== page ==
Outside of his last start, Jake Peavy has walked the talk this season. It sure would be swell if Peavy were to resume his resurgence at Wrigley Field today, because the fewer pinch-hitting situations the better.
Thanks to Paul Konerko's black eye (above) and the underestimation of Brent Morel's bulging disc (that's disc, Steve Levy), the White Sox will play with what amounts to a 23-man roster in the finale against the Cubs. The ranks are so depleted that Gavin Floyd was on the list of extra hitters on Saturday. Floyd is a .057 lifetime hitter, although one of his singles came off Stephen Strasburg in his supernova stage.
Morel's description of what makes his back hurt: "When I bend and rotate and everything." So, yeah, the only question seems to be whether he'll go to the DL on Monday or Tuesday.
Jeff Samardzija insists there was no intent behind his wayward splitter, and he thinks Phil Humber went too high with his purpose pitch, because Bryan LaHair could have absorbed a lower plunking easier. If only Humber were there to make sure the Cubs were comfortable...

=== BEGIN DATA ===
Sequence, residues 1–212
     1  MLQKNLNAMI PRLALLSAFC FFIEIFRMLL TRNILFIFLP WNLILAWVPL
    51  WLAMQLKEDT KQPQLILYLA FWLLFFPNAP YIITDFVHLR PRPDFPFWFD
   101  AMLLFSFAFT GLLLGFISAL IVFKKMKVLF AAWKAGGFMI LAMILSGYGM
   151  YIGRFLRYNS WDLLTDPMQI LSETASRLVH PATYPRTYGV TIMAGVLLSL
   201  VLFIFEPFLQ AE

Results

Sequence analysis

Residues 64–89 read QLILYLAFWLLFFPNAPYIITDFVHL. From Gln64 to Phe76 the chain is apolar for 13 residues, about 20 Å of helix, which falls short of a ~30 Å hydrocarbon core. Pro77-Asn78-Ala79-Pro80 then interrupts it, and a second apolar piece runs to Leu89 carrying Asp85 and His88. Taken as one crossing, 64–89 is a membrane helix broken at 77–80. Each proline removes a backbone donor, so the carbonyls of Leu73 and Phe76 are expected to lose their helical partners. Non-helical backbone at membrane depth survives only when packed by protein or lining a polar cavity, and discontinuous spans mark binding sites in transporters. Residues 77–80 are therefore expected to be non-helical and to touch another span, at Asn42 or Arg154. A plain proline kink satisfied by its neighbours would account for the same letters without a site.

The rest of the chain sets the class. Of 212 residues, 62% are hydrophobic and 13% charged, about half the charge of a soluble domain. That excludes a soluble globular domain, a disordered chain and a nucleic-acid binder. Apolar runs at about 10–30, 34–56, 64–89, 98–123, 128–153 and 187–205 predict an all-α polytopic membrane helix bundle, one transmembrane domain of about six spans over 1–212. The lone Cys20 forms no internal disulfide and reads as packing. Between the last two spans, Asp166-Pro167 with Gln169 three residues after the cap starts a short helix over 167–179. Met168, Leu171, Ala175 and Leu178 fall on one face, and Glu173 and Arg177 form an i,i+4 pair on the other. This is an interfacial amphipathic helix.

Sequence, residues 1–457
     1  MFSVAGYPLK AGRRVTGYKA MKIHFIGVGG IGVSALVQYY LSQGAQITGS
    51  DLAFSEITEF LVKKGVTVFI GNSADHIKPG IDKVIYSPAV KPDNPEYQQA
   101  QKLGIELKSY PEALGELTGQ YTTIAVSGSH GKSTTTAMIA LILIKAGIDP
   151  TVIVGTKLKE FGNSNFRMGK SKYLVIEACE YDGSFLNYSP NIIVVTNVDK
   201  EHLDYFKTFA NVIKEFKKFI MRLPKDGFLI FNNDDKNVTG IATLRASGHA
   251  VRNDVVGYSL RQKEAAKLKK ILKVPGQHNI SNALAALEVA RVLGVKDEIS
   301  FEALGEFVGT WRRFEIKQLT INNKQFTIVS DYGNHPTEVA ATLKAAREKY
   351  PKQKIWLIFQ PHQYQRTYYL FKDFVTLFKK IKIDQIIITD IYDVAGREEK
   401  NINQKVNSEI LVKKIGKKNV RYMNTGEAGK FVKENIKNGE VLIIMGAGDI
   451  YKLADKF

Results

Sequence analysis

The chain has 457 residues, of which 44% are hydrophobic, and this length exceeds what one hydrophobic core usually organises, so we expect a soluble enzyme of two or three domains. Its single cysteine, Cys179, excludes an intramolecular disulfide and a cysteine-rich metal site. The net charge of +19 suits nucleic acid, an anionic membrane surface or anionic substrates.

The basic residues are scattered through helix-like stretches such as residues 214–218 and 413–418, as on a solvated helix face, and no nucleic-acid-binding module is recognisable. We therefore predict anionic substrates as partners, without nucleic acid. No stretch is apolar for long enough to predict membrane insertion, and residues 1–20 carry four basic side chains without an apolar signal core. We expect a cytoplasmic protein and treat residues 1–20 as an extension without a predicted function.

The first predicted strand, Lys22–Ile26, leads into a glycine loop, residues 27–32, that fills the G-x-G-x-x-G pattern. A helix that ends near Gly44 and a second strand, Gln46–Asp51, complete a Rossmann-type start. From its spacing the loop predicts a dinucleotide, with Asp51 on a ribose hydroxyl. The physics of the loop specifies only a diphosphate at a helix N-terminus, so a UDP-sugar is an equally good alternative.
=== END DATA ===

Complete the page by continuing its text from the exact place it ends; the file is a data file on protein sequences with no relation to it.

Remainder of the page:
Dayan Viciedo is 11-for-21 with four homers and 21 RBI over the last week. If he were to keep that up, he could make history!
If you can make it past the customary attendance talk, I liked this bit of color at the end of this column:
Pierzynski got a chuckle out of the post-game scrum around Viciedo's locker, noting that his translator finally had to work.
"Jackson has to work," Pierzynski yelled in a sing-song manner as the team's director of cultural development Jackson Miranda tried to translate Viciedo's words into boring one-sentence answers.
"Who's Jackson?" pitching coach Don Cooper asked.
If the Sox want to compete this season, Jackson Miranda might have to be a household name. At least in his own clubhouse.
John Autin makes the case for batting Adam Dunn second, noting that Robin Ventura occupied the No. 2 spot for nearly the whole 1991 season and kicked ass while doing so (.294/.378/.486, 21 homers, 87 RBI).